The young people on the islands are trapped between an ageing population and decreasing economy, where jobs and studies are limited. As they grow older and finish school, they often are faced with the hard decision to stay or leave their home and explore the vast variety of opportunities available on the mainland. Despite this, what I found was not a dying culture but rather I found young people reinterpreting traditions and reimagining their connection with the land. Through the creation of the ethnographic to present my fieldwork findings this project aims to look further into how the everyday, mundane activities play into one’s individual and collective island identity and sense of belonging. I believe this project and the film can open an interesting ethnographic window into the different experiences of young people from island communities, within the UK. The sense of belonging and yearning for a place presented through the film creates an interesting dialogue between person and place. Additionally, by connecting arguments within the anthropology of islands to more than human, human/ landscape connections it opens the scope of research for island communities.

The islands that make up the Outer Hebrides of Scotland are the edge of Britain. Unsurprisingly, life in the outer limits of the UK is a little different. With around 27,000 people living across the fifteen inhabited islands, the rugged landscape, close island communities, economic fragility, declining population, and distinctive social and cultural history makes an interesting place for anthropological research. The main islands that make up the Outer Hebrides are Lewis, Harris, North and South Uist, Benbecula and Barra. Situated around forty miles off the west coast of Scotland, in the North Sea, and only accessible by boat or plane, these islands are known for their beautiful landscapes, unique wildlife, the Gaelic language, crofting (small-scale food production), sheep farming and their pride in the way of life that continues to exist and is evident in the everyday lives of the current islanders who undoubtedly feel proud of their heritage. While the Gaelic language is not as prominent as it once was, the western isles continue to be known as the ‘Gaelic heartlands’ and it is often described by speakers as more than just a particular practises, worldviews, and moral understandings and today there has been a push towards the preservation and continuity of Gaelic in the islands.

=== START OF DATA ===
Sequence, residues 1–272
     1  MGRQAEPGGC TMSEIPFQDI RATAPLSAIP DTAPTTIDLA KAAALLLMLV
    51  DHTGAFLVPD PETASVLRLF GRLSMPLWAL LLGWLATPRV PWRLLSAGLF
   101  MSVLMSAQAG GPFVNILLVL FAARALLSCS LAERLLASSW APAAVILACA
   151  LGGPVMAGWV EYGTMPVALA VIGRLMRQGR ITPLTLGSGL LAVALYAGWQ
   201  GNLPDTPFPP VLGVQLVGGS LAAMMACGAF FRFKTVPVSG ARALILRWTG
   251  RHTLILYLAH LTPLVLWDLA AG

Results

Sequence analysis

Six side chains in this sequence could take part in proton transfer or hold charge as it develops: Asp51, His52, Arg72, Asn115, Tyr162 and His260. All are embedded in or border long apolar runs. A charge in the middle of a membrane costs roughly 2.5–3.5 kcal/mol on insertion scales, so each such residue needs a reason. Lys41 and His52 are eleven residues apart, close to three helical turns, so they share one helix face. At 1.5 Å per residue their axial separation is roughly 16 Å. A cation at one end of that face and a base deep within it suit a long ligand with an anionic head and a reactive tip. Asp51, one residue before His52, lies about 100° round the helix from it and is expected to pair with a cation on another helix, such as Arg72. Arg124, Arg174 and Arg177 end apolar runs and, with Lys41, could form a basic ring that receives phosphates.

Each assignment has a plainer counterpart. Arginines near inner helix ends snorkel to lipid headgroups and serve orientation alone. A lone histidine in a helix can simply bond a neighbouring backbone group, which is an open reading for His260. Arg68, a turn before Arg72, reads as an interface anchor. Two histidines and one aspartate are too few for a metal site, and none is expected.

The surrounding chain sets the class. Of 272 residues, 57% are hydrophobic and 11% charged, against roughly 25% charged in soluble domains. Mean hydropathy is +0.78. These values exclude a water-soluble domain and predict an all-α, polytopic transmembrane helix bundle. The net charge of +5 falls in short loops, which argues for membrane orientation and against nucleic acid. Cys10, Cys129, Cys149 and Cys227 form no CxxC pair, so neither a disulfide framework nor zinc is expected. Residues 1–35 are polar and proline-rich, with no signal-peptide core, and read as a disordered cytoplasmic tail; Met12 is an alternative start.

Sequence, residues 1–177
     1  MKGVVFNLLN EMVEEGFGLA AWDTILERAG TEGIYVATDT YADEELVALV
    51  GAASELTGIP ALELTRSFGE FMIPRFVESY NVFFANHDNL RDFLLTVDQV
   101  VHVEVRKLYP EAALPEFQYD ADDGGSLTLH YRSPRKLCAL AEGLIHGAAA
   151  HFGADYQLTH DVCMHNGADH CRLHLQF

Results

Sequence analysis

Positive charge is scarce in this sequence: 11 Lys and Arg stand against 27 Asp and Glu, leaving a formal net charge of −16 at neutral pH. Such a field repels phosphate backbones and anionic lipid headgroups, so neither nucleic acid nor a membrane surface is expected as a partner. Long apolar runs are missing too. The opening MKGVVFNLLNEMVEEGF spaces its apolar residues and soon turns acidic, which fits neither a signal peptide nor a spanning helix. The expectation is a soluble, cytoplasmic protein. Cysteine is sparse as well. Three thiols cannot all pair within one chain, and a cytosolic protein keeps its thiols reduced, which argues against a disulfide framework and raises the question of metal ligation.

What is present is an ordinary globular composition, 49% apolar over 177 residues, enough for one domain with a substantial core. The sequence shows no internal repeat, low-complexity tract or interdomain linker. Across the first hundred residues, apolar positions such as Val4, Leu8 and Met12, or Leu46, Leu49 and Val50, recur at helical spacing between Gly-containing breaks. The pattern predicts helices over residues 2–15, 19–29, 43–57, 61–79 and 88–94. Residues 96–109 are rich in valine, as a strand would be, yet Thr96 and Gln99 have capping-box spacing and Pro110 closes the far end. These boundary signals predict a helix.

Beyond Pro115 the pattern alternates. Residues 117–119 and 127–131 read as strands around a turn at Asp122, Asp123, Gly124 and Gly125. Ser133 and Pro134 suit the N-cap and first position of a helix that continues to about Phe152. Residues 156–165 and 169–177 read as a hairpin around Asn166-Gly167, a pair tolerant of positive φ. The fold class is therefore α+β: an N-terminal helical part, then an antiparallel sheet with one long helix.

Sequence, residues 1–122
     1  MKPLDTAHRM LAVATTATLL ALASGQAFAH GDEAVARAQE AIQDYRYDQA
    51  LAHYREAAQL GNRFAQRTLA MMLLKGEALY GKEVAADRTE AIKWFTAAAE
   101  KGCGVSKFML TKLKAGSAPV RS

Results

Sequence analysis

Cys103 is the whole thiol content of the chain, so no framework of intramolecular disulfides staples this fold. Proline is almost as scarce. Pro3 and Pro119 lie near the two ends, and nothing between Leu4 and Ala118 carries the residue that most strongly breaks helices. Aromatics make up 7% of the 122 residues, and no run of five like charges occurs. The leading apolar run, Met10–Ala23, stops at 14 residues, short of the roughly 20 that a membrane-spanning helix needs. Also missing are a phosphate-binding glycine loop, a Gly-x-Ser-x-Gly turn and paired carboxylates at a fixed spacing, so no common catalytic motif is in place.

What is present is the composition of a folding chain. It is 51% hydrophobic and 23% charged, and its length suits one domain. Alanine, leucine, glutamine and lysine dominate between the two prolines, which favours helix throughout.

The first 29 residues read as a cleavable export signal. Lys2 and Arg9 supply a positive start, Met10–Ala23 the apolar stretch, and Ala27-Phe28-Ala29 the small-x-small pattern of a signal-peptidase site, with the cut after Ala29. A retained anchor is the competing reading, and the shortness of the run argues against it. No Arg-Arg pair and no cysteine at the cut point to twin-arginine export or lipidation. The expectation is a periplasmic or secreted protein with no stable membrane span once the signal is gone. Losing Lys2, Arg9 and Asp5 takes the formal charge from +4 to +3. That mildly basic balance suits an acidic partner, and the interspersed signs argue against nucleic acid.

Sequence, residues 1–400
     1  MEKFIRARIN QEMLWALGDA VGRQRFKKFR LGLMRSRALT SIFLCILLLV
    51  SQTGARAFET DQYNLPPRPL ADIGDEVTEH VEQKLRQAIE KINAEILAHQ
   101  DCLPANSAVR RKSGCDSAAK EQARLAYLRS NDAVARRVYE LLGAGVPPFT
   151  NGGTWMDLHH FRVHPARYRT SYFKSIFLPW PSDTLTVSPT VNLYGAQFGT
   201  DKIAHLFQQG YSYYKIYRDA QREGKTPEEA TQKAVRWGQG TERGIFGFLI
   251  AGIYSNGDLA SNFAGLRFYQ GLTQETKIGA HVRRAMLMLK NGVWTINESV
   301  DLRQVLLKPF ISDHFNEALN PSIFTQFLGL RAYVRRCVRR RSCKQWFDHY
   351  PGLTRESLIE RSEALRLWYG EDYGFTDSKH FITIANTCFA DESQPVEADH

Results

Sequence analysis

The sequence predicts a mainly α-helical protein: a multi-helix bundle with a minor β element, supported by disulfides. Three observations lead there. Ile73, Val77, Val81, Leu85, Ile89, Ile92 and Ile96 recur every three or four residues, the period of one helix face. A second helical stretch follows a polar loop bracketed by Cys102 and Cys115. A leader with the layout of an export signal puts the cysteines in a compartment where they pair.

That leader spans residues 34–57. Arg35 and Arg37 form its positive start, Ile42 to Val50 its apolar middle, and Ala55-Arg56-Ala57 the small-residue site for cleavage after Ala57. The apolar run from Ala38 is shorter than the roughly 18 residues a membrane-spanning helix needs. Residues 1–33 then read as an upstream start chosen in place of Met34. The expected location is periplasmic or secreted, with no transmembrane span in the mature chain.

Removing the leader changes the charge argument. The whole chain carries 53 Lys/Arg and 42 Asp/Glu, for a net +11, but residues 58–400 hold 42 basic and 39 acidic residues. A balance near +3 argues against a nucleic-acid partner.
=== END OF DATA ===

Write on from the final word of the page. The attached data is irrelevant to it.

My research is focused on the island’s that make up Uist. The islands of Uist make up the middle chunk of the Outer Hebrides, situated between Lewis, Harris and Barra. There are six islands collectively known as Uist. All six are connected by causeways and are known individually as; North Uist, Grimsay, Benbecula, South Uist and the smaller isles of Berneray and Eriskay on either side of the larger North and South Uist. With two ferry ports on North and South Uist and one airport on the central island of Benbecula, it is well connected to the outside world. All six islands are each home to their own specific host of traditions but with only one high school on Benbecula it really does have that stereotypical island motto of ‘everyone knows everyone’. I found this can have positive and negative connotations, particularly for the younger generation who can find these small, tight-knit communities both empowering and suffocating. With approximately 5000 inhabitants spread across all six islands it is undeniable that community spirit, Gaelic language and crofting exists in Uist and the importance that is placed on this way on life and how in-sync it is with the environment around them. With many of the roads being single track, no traffic lights or roundabouts, it can often feel like you are on the edge of earth and a slow-paced way of life is expressed in most aspects of life here.